But "don't be greedy," that's what Goto always said.
When they lose, feel their heartache.
When they win, feel their joy.
Let's see how you did.
Mr Bando, I have the loan documents.
I have to attend to this.
Please check all the numbers.
400 million yen.
That looks right.
I will get this over to the bank right away.
Do you expect any problems with the loan? Not at all.
You can start building the property in a few weeks.
Thank you so much.
this tiny piece of shit land here.
One billion.
Are you fucking kidding? She's turned down three offers.
Enough foreplay.
Give her an offer she can't possibly turn down.
Five years ago, the rainmaker in you wouldn't even have hesitated.
You know it's true.
Fine, yeah.
Aren't we going to talk to her? Yeah, but I'm not going in there with you.
Sunja! Hi, ma'am, I don't have enough money today.
Here you go.
This is a gift from him.
From who? From the new district fish broker.
You know, the one the girls are all swooning over.
I was surprised too.
I don't know about Japan, but to do that here, it's just so shameless.
- And to a good girl like you.
- Ma'am, be careful with your words.
I don't know this man.
He's nothing to me.
I can't accept this.
I'd do anything to get back to Tokyo and see a game.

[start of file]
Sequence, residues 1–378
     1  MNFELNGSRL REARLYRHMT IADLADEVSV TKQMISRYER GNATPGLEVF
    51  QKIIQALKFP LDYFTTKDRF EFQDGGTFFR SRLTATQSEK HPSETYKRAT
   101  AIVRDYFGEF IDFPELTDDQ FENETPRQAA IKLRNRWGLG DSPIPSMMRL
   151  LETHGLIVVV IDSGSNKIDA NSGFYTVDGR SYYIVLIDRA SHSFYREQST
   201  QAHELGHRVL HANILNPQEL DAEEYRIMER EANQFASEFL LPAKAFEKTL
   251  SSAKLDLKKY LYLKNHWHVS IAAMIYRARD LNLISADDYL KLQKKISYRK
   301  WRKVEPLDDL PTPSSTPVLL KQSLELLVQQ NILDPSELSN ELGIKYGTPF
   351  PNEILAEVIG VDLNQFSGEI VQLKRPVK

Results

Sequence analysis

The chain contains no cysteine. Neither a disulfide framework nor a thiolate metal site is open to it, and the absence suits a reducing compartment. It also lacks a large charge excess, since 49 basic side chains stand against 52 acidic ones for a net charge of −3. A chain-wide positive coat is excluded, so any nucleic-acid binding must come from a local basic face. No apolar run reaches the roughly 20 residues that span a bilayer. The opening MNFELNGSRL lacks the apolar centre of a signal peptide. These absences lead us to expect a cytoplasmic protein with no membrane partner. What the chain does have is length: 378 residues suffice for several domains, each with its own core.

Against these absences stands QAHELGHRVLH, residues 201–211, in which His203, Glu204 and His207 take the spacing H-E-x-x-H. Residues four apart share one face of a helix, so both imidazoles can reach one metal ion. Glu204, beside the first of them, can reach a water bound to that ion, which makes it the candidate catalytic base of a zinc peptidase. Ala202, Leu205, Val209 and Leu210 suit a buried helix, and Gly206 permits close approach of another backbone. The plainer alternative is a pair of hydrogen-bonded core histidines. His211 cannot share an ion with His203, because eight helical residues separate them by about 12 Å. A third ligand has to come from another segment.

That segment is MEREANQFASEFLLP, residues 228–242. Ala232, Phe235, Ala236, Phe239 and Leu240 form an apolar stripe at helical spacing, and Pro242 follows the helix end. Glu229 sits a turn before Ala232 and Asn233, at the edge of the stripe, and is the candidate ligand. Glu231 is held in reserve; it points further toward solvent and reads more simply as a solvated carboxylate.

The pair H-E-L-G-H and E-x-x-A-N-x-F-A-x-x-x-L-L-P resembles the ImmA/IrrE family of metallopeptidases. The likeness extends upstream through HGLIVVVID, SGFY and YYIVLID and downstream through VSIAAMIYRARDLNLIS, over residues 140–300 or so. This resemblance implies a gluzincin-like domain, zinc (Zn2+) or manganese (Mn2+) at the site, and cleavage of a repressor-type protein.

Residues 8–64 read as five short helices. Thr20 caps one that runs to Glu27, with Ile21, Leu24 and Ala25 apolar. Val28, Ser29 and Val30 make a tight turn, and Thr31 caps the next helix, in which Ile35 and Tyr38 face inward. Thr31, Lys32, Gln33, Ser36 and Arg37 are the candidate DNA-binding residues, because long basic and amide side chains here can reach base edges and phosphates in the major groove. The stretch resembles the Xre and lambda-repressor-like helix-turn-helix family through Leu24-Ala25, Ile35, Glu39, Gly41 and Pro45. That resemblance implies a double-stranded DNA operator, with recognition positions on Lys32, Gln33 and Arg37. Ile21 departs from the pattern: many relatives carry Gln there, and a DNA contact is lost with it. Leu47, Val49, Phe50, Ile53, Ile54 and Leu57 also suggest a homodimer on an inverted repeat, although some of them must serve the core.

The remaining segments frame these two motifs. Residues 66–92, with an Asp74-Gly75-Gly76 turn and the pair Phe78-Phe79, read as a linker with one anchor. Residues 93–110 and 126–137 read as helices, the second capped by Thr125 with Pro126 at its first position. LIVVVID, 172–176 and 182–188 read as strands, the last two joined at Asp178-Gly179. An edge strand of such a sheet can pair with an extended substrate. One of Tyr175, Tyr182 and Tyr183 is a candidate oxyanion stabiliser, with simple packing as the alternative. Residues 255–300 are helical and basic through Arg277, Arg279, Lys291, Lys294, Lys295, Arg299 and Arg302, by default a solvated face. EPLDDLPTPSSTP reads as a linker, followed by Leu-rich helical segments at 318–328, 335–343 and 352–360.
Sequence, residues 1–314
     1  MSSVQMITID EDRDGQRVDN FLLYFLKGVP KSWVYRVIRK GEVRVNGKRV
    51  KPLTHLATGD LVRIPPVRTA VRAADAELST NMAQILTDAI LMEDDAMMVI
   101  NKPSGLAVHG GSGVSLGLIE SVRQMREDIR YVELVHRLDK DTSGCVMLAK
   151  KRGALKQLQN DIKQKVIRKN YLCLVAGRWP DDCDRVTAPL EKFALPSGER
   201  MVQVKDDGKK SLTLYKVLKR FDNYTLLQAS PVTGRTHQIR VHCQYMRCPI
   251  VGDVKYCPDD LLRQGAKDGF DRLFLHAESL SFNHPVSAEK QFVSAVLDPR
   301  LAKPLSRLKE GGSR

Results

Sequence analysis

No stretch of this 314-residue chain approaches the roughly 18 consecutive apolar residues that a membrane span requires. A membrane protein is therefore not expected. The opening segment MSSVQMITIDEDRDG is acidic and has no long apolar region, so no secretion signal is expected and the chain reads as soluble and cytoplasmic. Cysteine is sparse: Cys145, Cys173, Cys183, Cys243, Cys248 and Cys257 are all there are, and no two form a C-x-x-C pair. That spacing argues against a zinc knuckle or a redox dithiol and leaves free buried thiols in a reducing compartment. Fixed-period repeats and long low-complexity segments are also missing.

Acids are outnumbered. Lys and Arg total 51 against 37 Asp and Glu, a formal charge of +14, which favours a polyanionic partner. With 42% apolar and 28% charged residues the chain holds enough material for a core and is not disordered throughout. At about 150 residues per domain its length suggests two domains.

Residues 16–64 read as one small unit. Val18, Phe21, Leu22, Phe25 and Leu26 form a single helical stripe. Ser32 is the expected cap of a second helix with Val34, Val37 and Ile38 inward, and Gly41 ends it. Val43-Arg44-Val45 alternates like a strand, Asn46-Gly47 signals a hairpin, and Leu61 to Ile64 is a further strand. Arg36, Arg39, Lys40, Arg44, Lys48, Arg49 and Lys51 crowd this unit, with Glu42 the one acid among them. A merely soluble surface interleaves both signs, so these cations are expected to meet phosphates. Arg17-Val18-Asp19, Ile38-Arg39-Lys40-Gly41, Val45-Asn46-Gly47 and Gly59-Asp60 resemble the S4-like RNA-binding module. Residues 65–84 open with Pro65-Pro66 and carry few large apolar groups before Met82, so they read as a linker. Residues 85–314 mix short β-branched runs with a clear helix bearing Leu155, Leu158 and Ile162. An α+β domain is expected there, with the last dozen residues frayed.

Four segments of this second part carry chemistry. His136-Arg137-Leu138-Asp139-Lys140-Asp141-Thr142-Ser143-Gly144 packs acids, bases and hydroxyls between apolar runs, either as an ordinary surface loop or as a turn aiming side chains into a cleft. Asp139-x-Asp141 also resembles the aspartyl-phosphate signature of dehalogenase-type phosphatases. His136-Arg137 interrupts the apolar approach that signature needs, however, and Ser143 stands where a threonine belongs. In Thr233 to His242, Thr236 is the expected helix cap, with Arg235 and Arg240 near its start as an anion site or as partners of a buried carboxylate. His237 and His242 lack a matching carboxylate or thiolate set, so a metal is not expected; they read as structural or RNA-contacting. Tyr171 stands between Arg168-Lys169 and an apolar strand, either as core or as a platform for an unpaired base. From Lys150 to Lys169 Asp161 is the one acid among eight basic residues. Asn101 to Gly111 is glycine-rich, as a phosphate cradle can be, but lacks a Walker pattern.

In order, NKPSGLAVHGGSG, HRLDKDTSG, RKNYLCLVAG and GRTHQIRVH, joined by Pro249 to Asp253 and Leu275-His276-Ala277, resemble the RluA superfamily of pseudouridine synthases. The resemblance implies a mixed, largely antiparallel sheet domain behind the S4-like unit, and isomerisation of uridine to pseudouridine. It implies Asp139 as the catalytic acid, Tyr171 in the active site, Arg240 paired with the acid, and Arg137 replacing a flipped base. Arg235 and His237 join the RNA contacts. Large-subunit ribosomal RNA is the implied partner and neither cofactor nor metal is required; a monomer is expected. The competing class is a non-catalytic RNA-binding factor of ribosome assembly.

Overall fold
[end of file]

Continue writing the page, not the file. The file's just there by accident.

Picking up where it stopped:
There's this amazing player, as good as Babe Ruth! I've never heard of a player like that.
Because you don't know anything.
Where are you off to? Looks like a heavy load.
You're cute.
Why don't I help you with that? Sorry, I don't understand.
I have to catch my ferry.
Listen to that.
Even their language sounds repulsive.
What's in those bags? My mother will be worried.
I have to go.
Stop that! [IN JAPANESE.]
Now I get it.
You all smell because you eat this shit.
Even our dogs wouldn't eat this stuff! Who wants to make a bet? These or hers? Which one's bigger? [CHUCKLES.]
Let's see.
What? Stop! - Hey, what are you doing? - Let her go! Stop! No! Please! [SUNJA SCREAMING.]
Someone help! Help! [GRUNTS.]
Stop it! Please! Please, no! Let go of me! Stop! Get off me! Stop now! [GRUNTS.]
You punks.
You wanna die? - But if you were both to die here - [GRUNTS.]
no one would mourn for you.
- [HANSU.]
Be quick.
- Or you know what happens.
Please forgive us.
We are worthless trash! [TEENAGER 2.]
Let us go home, please.
We are sorry! [COUGHS.]
If you're not satisfied, I'll make them grovel until you are.
Get out.
They won't bother you again.
What exactly did you say to those boys? [HANSU.]
That if they bother you again, I'll kill them and feed their bodies to the dogs.
I say it to put your mind at ease.
I'd forgotten how beautiful this country is, how resilient, and how strong.
How long have you been gone? Fourteen years.
I've been there almost longer than here.
Don't worry, I won't harm you.
Will you throw this shirt away? Why would I do that? You're kind of an odd girl.
Well, it wasn't me who was talking about feeding people to dogs.
You can bring it to the cove tomorrow.
I'll wash it before lunch.
Ma'am, I'm sorry to bother you, but I was hoping we could talk.
What are you selling? Actually, I'm buying.
I guess those crooks must be desperate.
Where'd they go to find one of you? I'm the one who went to them.
Why would you do that? You're persistent, I'll give you that.
This is for you.
They're grown in that shape.
I'm sorry? Apparently, they taste awful.
But they cost 9,000 yen.
Nine thousand yen! You must be crazy.